February is Black History Month

By Karrie Marsh, Executive Assistant and Guest Blogger

Black History Month, or National African American History Month, is an annual celebration of achievements by black Americans and a time for recognizing the central role of African Americans in U.S. history. Since 1976, every U.S. president has officially designated the month of February as Black History Month.

Why do we celebrate in February? The month of February was chosen because two important men, who had a great influence on abolishing slavery, celebrate their birthdays in February. They are Abraham Lincoln and Frederick Douglass.

Abraham Lincoln’s Emancipation Proclamation, issued in 1863, freed all slaves in the rebellious states and paved the way for slavery’s eventual abolition.

Frederick Douglass was a prominent American abolitionist, author and orator. Born a slave, Douglass escaped at age 20 and went on to become a world-renowned anti-slavery activist. His three autobiographies are considered important works of the slave narrative tradition as well as classics of American autobiography. In thousands of speeches and editorials, he levied a powerful indictment against slavery and racism, provided a voice of hope for his people.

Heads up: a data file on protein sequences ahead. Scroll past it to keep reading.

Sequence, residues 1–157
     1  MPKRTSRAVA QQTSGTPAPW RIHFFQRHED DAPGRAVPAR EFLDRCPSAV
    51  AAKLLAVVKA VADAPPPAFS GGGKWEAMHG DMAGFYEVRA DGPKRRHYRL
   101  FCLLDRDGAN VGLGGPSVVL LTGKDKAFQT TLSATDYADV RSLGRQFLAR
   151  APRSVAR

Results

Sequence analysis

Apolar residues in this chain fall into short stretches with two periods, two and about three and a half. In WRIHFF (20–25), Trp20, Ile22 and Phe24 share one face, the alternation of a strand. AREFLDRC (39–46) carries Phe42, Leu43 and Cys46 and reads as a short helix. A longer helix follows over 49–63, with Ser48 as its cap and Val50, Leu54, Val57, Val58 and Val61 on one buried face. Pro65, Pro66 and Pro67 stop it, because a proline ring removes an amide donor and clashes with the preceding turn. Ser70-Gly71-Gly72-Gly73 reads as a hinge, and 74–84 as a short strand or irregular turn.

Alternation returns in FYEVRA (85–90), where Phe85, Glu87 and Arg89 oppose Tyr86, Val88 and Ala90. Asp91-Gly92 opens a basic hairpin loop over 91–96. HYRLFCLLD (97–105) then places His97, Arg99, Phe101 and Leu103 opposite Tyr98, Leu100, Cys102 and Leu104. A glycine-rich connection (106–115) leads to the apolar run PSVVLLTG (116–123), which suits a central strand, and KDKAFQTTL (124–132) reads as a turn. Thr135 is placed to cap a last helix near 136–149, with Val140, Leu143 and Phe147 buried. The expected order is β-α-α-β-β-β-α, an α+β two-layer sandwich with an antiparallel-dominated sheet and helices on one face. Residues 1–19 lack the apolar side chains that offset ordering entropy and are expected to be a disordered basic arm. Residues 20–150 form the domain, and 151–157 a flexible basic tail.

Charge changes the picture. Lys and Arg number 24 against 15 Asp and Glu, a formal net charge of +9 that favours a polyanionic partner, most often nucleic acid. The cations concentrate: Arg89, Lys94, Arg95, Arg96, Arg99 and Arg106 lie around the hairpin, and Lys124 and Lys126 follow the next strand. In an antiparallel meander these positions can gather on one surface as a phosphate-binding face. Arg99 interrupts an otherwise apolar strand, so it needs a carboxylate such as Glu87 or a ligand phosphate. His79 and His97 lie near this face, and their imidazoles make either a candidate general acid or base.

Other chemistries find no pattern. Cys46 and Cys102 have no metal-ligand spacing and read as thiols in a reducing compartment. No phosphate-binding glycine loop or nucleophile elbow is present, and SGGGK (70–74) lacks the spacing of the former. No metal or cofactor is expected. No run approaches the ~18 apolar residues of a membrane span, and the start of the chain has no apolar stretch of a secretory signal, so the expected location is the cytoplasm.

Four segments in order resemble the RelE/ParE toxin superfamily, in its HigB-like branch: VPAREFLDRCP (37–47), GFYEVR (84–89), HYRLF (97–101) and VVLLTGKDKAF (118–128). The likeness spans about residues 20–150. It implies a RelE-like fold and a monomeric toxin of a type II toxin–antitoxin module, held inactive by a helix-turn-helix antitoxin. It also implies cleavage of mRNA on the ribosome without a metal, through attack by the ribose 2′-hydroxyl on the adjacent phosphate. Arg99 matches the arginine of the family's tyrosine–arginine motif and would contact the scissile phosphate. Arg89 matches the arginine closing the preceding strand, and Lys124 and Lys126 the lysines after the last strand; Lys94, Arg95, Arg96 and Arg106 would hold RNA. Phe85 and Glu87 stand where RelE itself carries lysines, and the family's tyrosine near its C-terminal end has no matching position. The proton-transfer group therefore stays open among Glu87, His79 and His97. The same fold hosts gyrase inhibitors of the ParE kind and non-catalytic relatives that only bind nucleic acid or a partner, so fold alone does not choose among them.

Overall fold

It is suitable that the Auburn Hills Public Library is  holding an African American Genealogy Class on February 16th from 1:00-4:30pm. They also have a special program for Black History Month! Storyteller La’Ron Williams, a nationally acclaimed and award-winning storyteller, will be sharing multi-cultural stories with an emphasis on African and African-American culture. Registration begins on February 9th. Contact 248-370-9466.

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